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Book Review: Strange Angels by Lili St. Crow

# Genre: Paranormal Fantasy
# Reading level: Young Adult
# Paperback: 304 pages
# Publisher: Razorbill
# Publication Date: May 14, 2009
# ISBN-10: 1595142517
# ISBN-13: 978-1595142511
# Read the Prologue [PDF]
# Author Website: Lilith Saintcrow

Lilith Saintcrow makes the move to young adult fiction with Strange Angels. Best known for her Jill Kismet series of adult-targeted paranormal fantasy, Saintcrow (going by the more approachable pen name of Lili St. Crow) stays within her skill set with this young adult novel.

The story is about Dru Anderson, sixteen-year-old daughter of a hunter, a man who seeks out and finds the things that go bump in the night. After Dru’s mother died, Dru was raised by her father and grandmother, in learning survival skills alongside those of homemaking. With the death of her grandmother, Dru now works full-time with her father. As the story opens, Dru and dad are in a small town in the Midwest during winter. Dru begins the story full or typical teen angst over the constant moving from school to school. But a young Goth boy named Graves attempts to befriend quiet and withdrawn Dru, and she finds herself liking this boy. But things go awry when Dru’s father fails to return home after a solo hunt. And then there is Christophe the strange boy that Dru can’t quite bring herself to trust, but who seems determined to look out for her.

Though a good paranormal fantasy with small elements of romance thrown in, the novel is primarily a preparation for forthcoming novels. In it, we encounter Dru, learn about her problems, and watch Dru and Graves draw closer to one another, especially as they are increasingly thrust into a world of intrigue and danger they don’t quite understand.

The book follows the circumscribed formula of teens being self-sufficient without the need for parental authority that rings so powerfully with the target audience. Middle-Grade and teen readers are going to love Dru and Graves, two kids on the edge of society who are so wholly capable. Fortunately, St. Crow does not make them completely sufficient, which is why young Christophe enters the equation. He is a juxtaposition when it comes to the formula, but to say entirely why would give away too much. Too, though Dru and Graves are strong, they still act like teenagers, that is to say, rather impulsively and without enough forethought. This gets them into a couple of scrapes, though sometimes they manage to save themselves and other times are saved.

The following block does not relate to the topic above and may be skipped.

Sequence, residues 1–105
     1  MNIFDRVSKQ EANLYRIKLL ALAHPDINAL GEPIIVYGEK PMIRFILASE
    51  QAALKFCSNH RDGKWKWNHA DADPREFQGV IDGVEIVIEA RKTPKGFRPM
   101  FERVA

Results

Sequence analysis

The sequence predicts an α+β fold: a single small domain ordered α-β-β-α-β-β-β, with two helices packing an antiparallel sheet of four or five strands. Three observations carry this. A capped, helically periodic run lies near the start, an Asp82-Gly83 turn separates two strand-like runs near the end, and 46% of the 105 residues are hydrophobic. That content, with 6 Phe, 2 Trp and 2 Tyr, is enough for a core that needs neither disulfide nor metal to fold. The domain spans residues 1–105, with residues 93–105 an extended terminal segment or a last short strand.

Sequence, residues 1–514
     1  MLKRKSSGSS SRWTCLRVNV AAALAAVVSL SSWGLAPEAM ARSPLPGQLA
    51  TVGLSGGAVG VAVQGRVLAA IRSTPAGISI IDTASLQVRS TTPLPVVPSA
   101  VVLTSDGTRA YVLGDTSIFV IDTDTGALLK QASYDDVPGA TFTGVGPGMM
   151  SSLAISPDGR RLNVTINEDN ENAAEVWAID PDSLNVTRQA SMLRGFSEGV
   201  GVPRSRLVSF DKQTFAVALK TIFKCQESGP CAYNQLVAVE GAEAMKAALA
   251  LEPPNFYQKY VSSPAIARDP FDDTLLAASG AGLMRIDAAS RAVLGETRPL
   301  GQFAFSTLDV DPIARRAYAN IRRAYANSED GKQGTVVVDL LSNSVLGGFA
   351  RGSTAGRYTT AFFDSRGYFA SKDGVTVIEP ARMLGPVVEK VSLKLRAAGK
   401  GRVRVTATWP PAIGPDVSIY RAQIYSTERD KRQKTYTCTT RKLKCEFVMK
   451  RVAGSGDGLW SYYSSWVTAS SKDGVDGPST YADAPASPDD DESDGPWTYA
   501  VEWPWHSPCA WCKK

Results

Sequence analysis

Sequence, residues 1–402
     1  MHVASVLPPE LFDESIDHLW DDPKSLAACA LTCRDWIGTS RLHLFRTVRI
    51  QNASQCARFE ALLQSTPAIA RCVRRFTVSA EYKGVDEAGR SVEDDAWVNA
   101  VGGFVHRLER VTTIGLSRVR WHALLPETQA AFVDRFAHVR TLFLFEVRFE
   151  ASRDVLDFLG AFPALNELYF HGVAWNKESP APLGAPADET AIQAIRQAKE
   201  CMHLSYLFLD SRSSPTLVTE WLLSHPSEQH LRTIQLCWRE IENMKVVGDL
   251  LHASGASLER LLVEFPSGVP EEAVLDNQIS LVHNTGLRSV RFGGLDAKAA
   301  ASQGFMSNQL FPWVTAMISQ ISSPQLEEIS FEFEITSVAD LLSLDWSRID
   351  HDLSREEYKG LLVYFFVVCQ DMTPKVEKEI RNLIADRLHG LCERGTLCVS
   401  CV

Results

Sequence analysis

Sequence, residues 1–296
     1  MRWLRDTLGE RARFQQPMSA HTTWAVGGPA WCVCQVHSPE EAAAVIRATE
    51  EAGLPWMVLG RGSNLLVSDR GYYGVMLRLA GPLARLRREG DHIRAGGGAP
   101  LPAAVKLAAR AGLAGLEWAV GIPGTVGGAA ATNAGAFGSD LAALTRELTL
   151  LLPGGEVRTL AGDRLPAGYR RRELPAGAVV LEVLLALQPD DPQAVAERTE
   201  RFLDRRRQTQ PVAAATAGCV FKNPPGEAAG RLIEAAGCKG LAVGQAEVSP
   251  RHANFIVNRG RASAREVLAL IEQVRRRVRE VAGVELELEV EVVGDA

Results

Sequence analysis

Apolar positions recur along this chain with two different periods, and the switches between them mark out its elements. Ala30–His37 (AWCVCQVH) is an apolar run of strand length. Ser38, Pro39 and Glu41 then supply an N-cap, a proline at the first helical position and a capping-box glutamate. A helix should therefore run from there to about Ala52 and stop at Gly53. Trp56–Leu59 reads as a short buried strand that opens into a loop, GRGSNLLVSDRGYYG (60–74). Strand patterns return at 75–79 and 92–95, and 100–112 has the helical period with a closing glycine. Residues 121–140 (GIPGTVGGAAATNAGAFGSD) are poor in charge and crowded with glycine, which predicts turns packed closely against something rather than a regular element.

Parents who dislike their children to read swearing or cursing should steer clear of this book. St. Crow allows her story to be gritty and dark, and in so doing allows the use of swearing by the character. This does not change to quality of the book, only deepened it tenor of darkness. Still, some readers and/or parents may find it offensive, as it is prevalent throughout the book, though not gratuitous.

As a teen novel, the story works. It is light fair, an easy read with interesting characters with simplified motivations. It is good escapism with lots of action and a little romance, though nothing overtly sexual, except for a tendency of Dru’s to appreciate a man’s body in not uncertain terms. But it is not a romance. Strange Angels is an action-adventure tale.

Its primary defect is that is simple a prologue to future novels. The writing is good, the action thrilling, and the pacing superb. The characters are entertaining and have more than just surface level motivations, and the romance is cute and very teenagery. Too bad that while there is a culminating event, is unsatisfying since it is simply a pause until the next book. Teens are not likely to be bothered by this however, and if you don’t mind a good bit of cussing and a little bit of romance, this is a fun and safe novel for upper middle and high school readers.


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